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Red Harvest presents a literary image of the United States as a violent, greedy, power-hungry society. The main villains are not the gangsters but wealthy influential people who use thugs to defend their often ill-gotten wealth and the power derived from it. This lust for money and power is stronger than even family ties, as witnessed by the death of Donald Wilsson caused indirectly by his own father. The question Hammett presents to the reader focuses on what, if anything, can be done to correct this situation; furthermore, Hammett writes about the consequences which face a man who has made it his task to steer clear both of pervasive corruption and of the attempts to fight against it.

The end of the novel indicates that any victory against the forces of materialism and greed will be short-lived, since the core of the corruption is not located in the hired gunmen, but in the hearts of their employers, the pillars of Personville's and American society. Thus, respectability is merely a facade, created to make it possible for the wealthy to engage in dishonorable conduct at a reduced risk. The enormous amount of bloodshed and cruelty generated in the novel is borne essentially by minor villains who have become pawns in a power struggle which they are incapable of understanding or surviving.

The Op, while initially sent to Personville by his boss on a routine assignment, soon makes the cleaning up of the city his own personal quest. He discovers to his dismay that the standard operating procedures of his profession are inadequate for this task. In order to safeguard his success and his survival he must go against the instructions of his superiors; he must lie, cheat, and kill; finally, he comes to the realization that the success of his task depends on his ability to pretend to be just as corrupt and venal as the rest of the inhabitants of the city. Indeed, at the end of the novel, he realizes that it is time for him to leave Personville, because he is very close to actually enjoying all the bloodshed and deceit. Even a basically honest though ruthless man like the Op is in danger of being corrupted by the pervasive moral decay, and his most damning comment occurs in the final segments of the book, when he says, "You can't go straight here."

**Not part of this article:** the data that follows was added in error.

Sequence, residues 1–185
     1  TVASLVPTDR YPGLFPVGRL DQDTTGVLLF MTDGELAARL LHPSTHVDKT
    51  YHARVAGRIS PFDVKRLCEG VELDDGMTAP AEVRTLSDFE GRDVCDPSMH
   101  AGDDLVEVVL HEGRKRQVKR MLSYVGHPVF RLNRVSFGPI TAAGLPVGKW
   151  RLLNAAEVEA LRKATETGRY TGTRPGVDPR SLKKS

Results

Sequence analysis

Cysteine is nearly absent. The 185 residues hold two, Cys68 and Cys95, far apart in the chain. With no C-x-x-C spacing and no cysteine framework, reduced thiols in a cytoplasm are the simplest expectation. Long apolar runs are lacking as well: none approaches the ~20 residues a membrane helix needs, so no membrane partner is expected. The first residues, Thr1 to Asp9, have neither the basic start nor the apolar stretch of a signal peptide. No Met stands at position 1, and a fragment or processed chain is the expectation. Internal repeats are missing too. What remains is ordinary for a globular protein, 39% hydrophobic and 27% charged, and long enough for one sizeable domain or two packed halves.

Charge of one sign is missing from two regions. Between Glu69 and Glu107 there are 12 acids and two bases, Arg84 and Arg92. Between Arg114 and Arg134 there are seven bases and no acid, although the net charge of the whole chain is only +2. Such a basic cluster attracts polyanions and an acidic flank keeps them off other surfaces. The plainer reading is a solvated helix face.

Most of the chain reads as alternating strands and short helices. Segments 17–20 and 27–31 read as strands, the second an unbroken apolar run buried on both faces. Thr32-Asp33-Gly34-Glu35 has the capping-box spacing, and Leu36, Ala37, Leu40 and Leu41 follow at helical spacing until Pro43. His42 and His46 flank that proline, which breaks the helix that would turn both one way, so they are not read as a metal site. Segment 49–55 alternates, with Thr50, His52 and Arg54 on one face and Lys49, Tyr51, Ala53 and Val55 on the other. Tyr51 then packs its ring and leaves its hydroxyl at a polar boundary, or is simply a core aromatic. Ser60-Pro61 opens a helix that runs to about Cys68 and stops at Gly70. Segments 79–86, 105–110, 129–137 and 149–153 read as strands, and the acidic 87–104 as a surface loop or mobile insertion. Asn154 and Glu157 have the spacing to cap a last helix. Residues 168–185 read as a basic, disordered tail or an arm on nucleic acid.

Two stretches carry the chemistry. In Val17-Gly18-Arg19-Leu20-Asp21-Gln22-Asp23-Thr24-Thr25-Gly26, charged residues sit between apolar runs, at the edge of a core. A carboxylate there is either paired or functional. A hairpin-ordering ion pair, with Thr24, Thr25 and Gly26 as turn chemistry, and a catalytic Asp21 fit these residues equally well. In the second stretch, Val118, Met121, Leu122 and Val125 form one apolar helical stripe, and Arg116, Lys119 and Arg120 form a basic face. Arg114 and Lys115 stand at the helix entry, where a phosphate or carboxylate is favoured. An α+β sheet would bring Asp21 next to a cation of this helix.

This negative, anticapitalist, pro-Marxist attitude is a hallmark of Hammett's work, particularly his early stories and novels. It has had profound influence on many of Hammett's followers in American detective fiction, especially on Raymond Chandler, whose detective Phillip Marlowe is a more compassionate, less violent descendant of the Op. In Red Harvest, Hammett expresses the belief that this corrupt, materialistic society, which will use any amount of violence necessary to protect its sinful behavior, can be combatted only by using equal or greater amounts of violence, by matching deceit with even more deceitful behavior. Legal remedies are ineffective — the police are worse than the criminals — and idealistic public defiance and exposure of the criminal behavior is self-destructive, as Donald Wilsson, publisher of the town's two newspapers, discovers.

Even so, the Op's victory is temporary and won at great personal cost. He knows that the dead racketeers will soon be replaced and that while gaining his victory he has incurred the wrath of his boss, lost the respect of his colleagues, and, most alarmingly, he has discovered the "darkness of his own soul" and how close he himself lives to the abyss which has already swallowed up the inhabitants of Personville.

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